Meanwhile, as the Skopts were alternately evading or enduring the attention of the authorities, the works of a new prophet were published in Saint Petersburg. Like Selivanov, Karl Marx predicted that an end to the existing order was coming, although it was not the castrated but the proletariat who would inherit the earth. Vladimir Lenin was the most successful of Marx’s interpreters: like Selivanov, he was not content to wait for the apocalyptic moment but set out to accelerate it. According to Marxist theory, the Revolution was not supposed to begin in backwards Russia but rather in an advanced capitalist nation such as Germany. But Lenin, like Selivanov before him, revised doctrine to suit his psychological needs, and after seizing power in 1917 dispatched agents to accelerate the world revolution.

As for the Skopts, they welcomed the new regime, hoping that the Bolsheviks meant what they said about religious tolerance. They did not realise that revolutionary ethics justified lying for the sake of the cause, just as their own ethics justified lying to protect their pursuit of 144,000 castrations. But the Skopts were marked for extinction: derided in anti-religious propaganda, they were then targeted for violent repression as “Kulaks” — rich peasants — during the Stalinist regime. After a century and a half of cutting and cauterising their way towards a happy ending, they were swiftly wiped out by a rival sect that aimed its violence at its enemies rather than its members’ groins.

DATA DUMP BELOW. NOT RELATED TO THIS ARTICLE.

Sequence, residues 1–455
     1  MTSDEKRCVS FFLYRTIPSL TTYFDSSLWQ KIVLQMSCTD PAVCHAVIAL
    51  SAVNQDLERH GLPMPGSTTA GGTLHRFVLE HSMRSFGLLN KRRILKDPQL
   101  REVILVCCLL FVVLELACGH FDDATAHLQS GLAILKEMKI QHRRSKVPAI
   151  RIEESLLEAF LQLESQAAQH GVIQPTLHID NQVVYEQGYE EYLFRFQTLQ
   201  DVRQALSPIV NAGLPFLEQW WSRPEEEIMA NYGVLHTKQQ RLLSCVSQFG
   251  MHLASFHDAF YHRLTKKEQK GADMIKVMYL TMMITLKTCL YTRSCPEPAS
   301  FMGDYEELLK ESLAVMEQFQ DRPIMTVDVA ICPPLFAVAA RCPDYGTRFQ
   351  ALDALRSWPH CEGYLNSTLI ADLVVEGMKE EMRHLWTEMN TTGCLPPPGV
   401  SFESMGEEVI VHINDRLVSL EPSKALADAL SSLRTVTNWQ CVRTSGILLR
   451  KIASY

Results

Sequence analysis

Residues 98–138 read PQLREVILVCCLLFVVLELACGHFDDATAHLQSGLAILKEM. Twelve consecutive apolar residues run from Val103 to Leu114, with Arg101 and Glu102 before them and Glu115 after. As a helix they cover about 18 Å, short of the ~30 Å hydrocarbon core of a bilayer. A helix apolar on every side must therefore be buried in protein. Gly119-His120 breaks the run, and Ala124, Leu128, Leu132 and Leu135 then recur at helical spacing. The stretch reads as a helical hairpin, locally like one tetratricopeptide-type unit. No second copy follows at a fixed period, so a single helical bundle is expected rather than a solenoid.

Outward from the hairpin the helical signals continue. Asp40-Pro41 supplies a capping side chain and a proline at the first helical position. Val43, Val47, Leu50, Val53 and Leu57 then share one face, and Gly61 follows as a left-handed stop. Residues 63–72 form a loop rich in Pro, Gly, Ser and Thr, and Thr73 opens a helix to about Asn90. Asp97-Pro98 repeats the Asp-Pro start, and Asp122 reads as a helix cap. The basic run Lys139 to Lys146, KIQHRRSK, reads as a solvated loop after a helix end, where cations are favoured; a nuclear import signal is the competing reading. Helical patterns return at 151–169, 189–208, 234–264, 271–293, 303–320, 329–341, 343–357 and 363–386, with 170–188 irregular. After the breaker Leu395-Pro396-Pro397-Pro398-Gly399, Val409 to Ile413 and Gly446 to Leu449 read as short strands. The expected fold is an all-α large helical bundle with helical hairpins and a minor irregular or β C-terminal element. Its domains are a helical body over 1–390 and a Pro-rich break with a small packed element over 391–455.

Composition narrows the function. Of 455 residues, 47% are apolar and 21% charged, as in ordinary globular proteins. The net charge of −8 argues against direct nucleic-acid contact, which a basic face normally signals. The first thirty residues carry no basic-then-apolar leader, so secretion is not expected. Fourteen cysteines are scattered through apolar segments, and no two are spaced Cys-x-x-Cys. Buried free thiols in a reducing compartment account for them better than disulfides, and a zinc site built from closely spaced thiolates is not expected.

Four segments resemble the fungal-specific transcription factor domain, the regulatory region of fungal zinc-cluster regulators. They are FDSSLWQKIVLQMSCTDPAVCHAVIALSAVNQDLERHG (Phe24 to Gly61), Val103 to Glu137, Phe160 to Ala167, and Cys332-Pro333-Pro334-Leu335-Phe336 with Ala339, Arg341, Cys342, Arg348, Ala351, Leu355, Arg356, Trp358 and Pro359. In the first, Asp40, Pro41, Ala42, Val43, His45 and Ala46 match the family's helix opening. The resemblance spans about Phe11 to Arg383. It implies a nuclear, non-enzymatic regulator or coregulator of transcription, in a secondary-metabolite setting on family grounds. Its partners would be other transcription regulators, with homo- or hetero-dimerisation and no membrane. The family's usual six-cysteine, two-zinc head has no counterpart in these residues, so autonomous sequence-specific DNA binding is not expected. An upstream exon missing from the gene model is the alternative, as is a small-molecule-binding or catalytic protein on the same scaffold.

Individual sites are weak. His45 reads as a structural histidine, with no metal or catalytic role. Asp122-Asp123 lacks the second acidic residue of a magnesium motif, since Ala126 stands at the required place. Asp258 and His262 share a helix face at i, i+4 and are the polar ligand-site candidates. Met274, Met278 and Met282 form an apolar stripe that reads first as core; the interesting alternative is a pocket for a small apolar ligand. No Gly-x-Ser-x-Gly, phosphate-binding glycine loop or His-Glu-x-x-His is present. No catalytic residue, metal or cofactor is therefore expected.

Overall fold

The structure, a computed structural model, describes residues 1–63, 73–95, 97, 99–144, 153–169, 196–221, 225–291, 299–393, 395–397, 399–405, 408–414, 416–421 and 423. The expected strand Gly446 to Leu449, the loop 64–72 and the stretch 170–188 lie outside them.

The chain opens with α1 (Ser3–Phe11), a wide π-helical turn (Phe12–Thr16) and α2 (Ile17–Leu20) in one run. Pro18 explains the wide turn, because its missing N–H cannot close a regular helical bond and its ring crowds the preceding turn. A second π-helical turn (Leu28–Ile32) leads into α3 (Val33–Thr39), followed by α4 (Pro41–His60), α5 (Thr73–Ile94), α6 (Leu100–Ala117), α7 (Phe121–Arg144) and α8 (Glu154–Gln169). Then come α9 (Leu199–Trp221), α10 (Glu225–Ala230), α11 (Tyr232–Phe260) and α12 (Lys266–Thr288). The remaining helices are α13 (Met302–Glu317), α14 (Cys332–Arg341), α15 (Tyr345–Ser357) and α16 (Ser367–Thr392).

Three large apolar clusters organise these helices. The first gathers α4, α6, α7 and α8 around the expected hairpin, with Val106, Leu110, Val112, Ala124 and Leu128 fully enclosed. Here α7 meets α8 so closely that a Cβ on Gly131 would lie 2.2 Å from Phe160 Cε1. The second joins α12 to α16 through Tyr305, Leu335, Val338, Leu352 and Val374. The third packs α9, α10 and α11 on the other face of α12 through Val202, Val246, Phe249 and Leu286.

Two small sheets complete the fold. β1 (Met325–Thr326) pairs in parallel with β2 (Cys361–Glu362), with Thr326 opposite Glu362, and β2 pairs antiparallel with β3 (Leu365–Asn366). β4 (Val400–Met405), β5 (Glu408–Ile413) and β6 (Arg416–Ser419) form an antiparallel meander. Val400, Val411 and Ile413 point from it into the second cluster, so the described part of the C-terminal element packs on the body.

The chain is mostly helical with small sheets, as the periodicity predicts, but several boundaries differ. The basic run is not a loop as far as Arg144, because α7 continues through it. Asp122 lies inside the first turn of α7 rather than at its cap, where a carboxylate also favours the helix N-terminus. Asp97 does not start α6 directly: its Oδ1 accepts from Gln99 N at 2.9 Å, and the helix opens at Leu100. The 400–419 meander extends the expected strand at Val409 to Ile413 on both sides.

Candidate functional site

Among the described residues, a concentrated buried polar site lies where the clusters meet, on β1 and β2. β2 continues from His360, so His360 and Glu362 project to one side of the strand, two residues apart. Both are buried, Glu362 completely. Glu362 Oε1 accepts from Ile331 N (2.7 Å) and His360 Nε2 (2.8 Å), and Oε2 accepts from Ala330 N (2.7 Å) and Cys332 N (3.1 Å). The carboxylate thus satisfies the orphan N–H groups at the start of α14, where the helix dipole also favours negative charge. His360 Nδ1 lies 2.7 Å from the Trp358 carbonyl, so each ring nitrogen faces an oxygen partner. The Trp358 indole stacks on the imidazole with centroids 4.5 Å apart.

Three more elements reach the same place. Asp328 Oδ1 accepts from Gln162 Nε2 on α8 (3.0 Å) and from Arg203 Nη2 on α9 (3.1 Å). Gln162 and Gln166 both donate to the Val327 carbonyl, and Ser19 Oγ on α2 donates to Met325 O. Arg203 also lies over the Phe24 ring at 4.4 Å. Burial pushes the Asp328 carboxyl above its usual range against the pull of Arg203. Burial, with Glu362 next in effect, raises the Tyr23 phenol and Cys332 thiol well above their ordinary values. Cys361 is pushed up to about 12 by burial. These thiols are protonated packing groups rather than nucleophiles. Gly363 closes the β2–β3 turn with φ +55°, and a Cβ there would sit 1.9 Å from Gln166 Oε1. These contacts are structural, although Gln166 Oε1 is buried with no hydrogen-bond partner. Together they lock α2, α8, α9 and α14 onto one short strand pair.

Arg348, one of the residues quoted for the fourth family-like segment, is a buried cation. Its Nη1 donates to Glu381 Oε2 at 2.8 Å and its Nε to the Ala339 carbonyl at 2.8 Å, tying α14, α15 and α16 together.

Today the Skopts occupy a marginal place in the study of Russian history. There is one book about them in English, by Laura Engelstein, a chapter in Sinyavsky’s out-of-print study, and a few mentions in encyclopedias of religion here and there. But sometimes I imagine an Adam Curtis-style retelling of the last two and a half centuries that places the Skopts at the centre of things, as if they represent the most perfect articulation of an idea that played out over time.

After all, lots of religions involve some kind of mortification of the flesh to help the faithful overcome their earthly desires, but since Origen castrated himself in the early 3rd century AD, very few adherents of any creed have shown much willingness to go all in and cut off temptation at its root, and none besides Selivanov have built a theology around it. That it took a millennium and half to happen gives us a sense of what it takes to override the command to multiply received from God in Genesis 1:28 and which Richard Dawkins tells us is encoded in our very genes.

Understand the power of the desire that drove the Skopts and you might also better understand just how it was that the Bolsheviks, an obscure sect with a still more accelerationist apocalyptic creed managed to take over the world’s largest country; and you can also see how impoverished our modern pseudo-religions are in comparison, amounting to little more than intra-elite games played for power in earthly institutions.

Even the passionate protestors of Extinction Rebellion seem to lack all motivation next to the Skopts. The truth is that anxiety about apocalypse is not enough; you have to believe in something wonderful awaiting us once we have passed through the ordeals of the end. If you have that then truly incredible things are possible — including incredibly grotesque, stupid and destructive things.

Daniel Kalder is an author based in Texas. Previously, he spent ten years living in the former Soviet bloc. His latest book, Dictator Literature, is published by Oneworld. He also writes on Substack: Thus Spake Daniel Kalder.